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Agnes Rodriguez Has Tall Tree Tales to Tell


Agnes Rodriguez in front of the bougainvillea that blooms beneath the avocado.

It was 19 years ago that Agnes Rodriguez cut open an avocado she had purchased at the commissary and found the seed split open and a little stem with a white leaf protruding. Of course, she had to plant it though she did not expect it to ever fruit since seedlings take much longer than grafted plants.

She chose the small walled in area just outside the tub in the bathroom where it would be protected from the elements and her son did the planting.

He also did the pruning when it grew over the top of the wall a several years later, but that just caused it to form two strong branches around a nice u-shaped crotch at the cut-off point. It kept on growing toward the sun. And of course, there was no fruit, but avocado foliage is quite attractive.

Not long after the storms of 2004, Rodriquez looked out the window and saw what looked like a lime on the ground. She brought it in, cut into it and found it was a small but delicious avocado.

The tree had not been damaged by the storms, but they may have triggered its switch from vegetative to reproductive growth. "I had an uncle in Puerto Rico who was a very successful grower, " she says, "and when a tree would not produce he would threaten it with a hatchet."

Who would have thought that was the beginning of a rich harvest. The military family had moved away and rented the house in the meantime but had finally came back four years ago and made it their retirement home.

Every year since the avocados have been large and they stay bright green. They begin to ripen the 1st of July and they have sometimes eaten their last fruit at Thanksgiving time. Although seedling trees can also have fruit either superior or inferior to its one know parent from which the seed came, this one has fruit with flavor that is excellent and texture that is "like cutting into a pound of butter and the skins just peel away," Agnes says.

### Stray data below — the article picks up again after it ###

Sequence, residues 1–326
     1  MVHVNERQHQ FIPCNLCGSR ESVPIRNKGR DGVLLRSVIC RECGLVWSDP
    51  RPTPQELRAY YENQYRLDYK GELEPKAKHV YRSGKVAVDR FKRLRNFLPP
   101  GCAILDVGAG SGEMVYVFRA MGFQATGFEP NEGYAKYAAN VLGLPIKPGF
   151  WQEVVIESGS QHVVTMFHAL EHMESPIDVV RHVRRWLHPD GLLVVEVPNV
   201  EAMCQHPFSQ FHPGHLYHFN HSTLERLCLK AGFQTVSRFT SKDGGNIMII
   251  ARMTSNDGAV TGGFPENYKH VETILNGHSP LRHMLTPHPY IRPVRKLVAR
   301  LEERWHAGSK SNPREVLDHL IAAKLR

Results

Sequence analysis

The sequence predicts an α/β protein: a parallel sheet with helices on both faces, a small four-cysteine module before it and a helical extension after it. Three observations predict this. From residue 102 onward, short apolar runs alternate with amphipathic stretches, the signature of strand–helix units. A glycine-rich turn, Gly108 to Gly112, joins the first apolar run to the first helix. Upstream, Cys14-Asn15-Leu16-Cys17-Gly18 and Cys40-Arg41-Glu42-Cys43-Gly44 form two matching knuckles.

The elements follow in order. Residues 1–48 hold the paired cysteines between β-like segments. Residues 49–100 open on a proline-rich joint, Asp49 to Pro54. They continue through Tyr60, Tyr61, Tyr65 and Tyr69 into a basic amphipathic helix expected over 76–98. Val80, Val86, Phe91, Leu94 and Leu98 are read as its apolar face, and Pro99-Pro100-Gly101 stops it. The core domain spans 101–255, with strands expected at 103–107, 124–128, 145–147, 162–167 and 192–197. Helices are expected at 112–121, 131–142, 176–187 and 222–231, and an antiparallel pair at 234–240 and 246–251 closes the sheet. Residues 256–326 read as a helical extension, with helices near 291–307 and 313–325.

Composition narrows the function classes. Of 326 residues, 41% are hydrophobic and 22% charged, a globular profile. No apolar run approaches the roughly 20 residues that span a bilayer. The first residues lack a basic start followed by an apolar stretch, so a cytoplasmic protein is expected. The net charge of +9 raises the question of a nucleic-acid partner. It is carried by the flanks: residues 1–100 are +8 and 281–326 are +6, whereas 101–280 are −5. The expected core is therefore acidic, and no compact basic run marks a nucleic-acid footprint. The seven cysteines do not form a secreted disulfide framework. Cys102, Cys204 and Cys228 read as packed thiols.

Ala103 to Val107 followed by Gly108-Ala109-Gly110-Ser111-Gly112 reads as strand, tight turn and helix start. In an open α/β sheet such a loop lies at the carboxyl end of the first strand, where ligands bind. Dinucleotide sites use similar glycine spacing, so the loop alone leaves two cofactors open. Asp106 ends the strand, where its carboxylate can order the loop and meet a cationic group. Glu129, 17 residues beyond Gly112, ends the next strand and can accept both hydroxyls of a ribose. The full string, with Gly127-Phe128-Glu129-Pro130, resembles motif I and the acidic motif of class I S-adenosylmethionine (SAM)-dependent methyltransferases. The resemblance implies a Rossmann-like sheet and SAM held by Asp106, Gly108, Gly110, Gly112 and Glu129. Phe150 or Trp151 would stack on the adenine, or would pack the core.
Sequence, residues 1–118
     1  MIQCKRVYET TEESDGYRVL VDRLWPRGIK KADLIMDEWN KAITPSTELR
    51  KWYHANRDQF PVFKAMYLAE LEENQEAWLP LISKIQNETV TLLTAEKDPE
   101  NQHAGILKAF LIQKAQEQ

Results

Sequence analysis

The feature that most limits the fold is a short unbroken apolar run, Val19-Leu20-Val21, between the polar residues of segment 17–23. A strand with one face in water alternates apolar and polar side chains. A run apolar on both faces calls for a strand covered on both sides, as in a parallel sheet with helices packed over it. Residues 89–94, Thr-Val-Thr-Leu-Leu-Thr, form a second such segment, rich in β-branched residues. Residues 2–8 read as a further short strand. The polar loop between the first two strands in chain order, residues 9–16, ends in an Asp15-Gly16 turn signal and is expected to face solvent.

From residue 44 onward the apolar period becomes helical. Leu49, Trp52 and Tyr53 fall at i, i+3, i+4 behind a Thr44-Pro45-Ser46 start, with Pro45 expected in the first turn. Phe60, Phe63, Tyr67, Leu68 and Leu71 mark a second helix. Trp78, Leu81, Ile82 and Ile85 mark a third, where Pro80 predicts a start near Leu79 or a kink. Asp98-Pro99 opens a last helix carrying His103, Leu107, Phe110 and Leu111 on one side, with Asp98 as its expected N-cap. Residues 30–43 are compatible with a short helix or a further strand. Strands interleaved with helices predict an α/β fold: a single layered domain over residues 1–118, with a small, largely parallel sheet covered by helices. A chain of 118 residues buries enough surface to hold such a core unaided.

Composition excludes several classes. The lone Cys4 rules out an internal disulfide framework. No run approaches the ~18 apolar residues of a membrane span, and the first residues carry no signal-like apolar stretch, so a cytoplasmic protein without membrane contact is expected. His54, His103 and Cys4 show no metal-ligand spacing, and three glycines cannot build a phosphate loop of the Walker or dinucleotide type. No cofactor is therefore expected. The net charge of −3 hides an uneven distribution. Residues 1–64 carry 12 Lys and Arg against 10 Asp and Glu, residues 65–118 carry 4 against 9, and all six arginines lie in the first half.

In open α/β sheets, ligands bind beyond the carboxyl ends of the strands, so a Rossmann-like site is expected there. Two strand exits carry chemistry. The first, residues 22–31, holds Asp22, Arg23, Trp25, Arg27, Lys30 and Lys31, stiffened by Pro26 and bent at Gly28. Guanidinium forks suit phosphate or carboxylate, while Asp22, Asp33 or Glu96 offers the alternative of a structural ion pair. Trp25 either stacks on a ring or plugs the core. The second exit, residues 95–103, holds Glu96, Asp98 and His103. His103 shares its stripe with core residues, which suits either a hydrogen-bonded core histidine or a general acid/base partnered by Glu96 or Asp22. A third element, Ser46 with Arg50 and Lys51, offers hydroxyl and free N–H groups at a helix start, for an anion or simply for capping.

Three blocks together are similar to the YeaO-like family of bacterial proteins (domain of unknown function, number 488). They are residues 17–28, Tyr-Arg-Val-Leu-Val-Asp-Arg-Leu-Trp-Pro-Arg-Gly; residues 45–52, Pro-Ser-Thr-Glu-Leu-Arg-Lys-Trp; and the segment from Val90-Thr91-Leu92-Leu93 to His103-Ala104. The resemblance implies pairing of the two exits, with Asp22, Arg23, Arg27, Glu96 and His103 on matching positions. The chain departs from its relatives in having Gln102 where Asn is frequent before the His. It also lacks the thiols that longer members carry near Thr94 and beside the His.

On weekends during harvesting time, retired Col. Alfred Rodriguez puts on his coveralls, gets out his ladder and bucket with a long rope and climbs up to harvest 20 to 25 fruits. There were still at least a dozen visible near the top of the tree in mid October, but when he borrowed an even long ladder and climbed up to harvest them, he brought down 27.

"We've had close to 150 this year," Agnes says.

The tree looks quite natural leafing out above the wall. A bouqainvillea's many stems also decorates the view from the bath and blooms at the base of the avocado.

The rest of the landscaping in this garden is a study in "less is more". "When we were selecting the trees, the landscaper recommended Drake elms because I wanted something that would move with every breeze," Agnes says. "They also have the advantage of very small leaflets so there is no raking. I said we'd take six, but he assured he that two would be plenty."

Indeed the two trees fill the area just beyond the pool with elegance. To the side of the pool enclosure is a crooked bottle brush tree. All three are as interesting in the shape and branching as in their foliage and are great climbing trees for their grandson.

A clipped hedge of holly surrounds the sides of the house, an attractive and effective barrier plant. By the side door is a huge gardenia shrub, also clipped to fit the space with military exactness that does not keep it from having 150 flowers during the prime of its bloom and "usually an errant one a month in the off season," Agnes says. "I bought two gardenia plants for $1.50 at K Mart and the other one died. That often happens for me.

During the years when they had renters, they made one mistake of leaving the landscaping to the resident. "He wasn't from Florida and had no idea what to do," Agnes says. "After that we always took care of the landscaping and pool so that it would be in good shape. They came by as need to check it out and plant as needed, but the yard has mostly trees and well selected flowering shrubs.

"I have always loved to grow things," she says, "and I can't give away any gift, so I have two poinsettias and a Christmas cactus that blooms every year." Bright crotons offer welcome at the front door and a ficus fills the archway at the front of the house.

The amazing seedling tree took a long time to fruit but is going strong now.

Bright crotons and Ixoras offer welcome at the front door.

Drake elms move with every breeze, give dappled shade, and seldom outgrow their welcome.

 

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